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See detailDark ice dynamics of the south-west Greenland Ice Sheet
Tedstone, A.; Bamber, J.; Cook, J. et al

in Cryosphere (The) (2017), 11

Runoff from the Greenland Ice Sheet (GrIS) has increased in recent years due largely to changes in atmospheric circulation and atmospheric warming. Albedo reductions resulting from these changes have ... [more ▼]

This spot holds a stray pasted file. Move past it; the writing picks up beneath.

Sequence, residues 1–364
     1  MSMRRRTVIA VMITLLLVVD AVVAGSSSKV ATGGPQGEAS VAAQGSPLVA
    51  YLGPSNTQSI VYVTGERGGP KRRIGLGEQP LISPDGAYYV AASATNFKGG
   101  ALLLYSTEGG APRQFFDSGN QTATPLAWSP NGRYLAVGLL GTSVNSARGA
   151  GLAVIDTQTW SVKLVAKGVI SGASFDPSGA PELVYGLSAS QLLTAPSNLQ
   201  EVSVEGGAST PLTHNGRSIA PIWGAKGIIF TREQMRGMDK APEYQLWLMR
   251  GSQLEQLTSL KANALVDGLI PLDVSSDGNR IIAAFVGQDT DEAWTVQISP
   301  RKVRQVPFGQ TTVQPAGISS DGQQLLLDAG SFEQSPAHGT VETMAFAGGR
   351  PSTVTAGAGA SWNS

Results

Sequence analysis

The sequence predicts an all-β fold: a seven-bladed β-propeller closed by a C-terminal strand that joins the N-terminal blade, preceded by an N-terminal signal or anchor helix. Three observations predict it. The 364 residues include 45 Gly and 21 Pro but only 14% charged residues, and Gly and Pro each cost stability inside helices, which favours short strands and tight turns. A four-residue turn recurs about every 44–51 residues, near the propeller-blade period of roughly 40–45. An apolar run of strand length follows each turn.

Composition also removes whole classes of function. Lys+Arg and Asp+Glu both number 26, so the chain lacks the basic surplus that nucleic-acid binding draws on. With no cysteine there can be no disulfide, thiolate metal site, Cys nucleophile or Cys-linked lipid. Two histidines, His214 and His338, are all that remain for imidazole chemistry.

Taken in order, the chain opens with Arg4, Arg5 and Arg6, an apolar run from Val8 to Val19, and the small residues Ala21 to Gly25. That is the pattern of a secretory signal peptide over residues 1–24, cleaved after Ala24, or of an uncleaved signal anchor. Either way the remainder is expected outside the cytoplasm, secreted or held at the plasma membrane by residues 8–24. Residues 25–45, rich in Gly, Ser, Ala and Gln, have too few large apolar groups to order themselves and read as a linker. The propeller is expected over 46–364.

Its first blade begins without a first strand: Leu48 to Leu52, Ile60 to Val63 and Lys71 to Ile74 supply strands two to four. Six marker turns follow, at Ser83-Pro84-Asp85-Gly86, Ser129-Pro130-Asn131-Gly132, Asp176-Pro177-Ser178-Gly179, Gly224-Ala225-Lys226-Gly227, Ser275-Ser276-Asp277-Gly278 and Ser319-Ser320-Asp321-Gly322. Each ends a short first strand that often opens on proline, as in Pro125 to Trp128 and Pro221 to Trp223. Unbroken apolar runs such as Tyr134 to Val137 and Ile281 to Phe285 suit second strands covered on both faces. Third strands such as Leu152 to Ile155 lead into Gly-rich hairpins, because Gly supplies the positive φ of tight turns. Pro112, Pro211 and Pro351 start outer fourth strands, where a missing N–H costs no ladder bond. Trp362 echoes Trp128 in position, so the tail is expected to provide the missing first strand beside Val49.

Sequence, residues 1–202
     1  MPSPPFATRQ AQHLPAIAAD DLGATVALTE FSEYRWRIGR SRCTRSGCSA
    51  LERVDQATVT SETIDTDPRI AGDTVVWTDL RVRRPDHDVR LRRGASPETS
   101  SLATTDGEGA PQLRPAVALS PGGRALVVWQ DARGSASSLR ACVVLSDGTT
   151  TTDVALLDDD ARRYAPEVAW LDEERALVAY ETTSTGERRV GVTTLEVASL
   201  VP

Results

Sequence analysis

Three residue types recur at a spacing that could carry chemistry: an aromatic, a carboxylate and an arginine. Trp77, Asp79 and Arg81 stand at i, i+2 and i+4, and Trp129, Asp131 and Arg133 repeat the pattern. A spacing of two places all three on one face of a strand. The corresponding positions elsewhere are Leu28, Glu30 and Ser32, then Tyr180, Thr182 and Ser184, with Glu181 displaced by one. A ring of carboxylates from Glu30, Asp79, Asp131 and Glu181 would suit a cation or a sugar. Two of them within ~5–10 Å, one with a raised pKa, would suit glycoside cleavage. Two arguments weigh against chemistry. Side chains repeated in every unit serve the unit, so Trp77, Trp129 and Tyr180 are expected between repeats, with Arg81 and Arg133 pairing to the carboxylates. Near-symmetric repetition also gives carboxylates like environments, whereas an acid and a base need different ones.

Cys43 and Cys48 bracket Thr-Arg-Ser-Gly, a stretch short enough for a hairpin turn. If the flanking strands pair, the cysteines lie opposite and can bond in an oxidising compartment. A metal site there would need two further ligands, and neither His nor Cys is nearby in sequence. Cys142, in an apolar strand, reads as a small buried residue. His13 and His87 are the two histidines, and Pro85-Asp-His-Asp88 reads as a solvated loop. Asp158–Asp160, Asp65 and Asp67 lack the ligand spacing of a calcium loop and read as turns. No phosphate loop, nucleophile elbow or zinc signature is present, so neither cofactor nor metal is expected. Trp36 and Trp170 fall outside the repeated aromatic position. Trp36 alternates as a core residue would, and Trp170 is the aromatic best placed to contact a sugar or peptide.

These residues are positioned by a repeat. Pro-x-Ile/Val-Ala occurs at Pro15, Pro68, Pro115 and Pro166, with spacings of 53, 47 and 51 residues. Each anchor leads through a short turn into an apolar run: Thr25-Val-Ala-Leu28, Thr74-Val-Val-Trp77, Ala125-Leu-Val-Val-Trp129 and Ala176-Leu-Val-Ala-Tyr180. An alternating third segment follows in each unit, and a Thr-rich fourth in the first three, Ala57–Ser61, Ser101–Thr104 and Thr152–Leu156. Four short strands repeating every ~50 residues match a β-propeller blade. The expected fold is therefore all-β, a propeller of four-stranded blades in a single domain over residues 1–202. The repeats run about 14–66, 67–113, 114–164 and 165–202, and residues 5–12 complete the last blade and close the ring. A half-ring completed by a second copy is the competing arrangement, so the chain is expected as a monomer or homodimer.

Runoff from the Greenland Ice Sheet (GrIS) has increased in recent years due largely to changes in atmospheric circulation and atmospheric warming. Albedo reductions resulting from these changes have amplified surface melting. Some of the largest declines in GrIS albedo have occurred in the ablation zone of the south-west sector and are associated with the development of dark ice surfaces. Field observations at local scales reveal that a variety of light-absorbing impurities (LAIs) can be present on the surface, ranging from inorganic particulates to cryoconite materials and ice algae. Meanwhile, satellite observations show that the areal extent of dark ice has varied significantly between recent successive melt seasons. However, the processes that drive such large interannual variability in dark ice extent remain essentially unconstrained. At present we are therefore unable to project how the albedo of bare ice sectors of the GrIS will evolve in the future, causing uncertainty in the projected sea level contribution from the GrIS over the coming decades. Here we use MODIS satellite imagery to examine dark ice dynamics on the south-west GrIS each year from 2000 to 2016. We quantify dark ice in terms of its annual extent, duration, intensity and timing of first appearance. Not only does dark ice extent vary significantly between years but so too does its duration (from 0 to > 80 % of June–July–August, JJA), intensity and the timing of its first appearance. Comparison of dark ice dynamics with potential meteorological drivers from the regional climate model MAR reveals that the JJA sensible heat flux, the number of positive minimum-air-temperature days and the timing of bare ice appearance are significant interannual synoptic controls. We use these findings to identify the surface processes which are most likely to explain recent dark ice dynamics. We suggest that whilst the spatial distribution of dark ice is best explained by outcropping of particulates from ablating ice, these particulates alone do not drive dark ice dynamics. Instead, they may enable the growth of pigmented ice algal assemblages which cause visible surface darkening, but only when the climatological prerequisites of liquid meltwater presence and sufficient photosynthetically active radiation fluxes are met. Further field studies are required to fully constrain the processes by which ice algae growth proceeds and the apparent dependency of algae growth on melt-out particulates. [less ▲]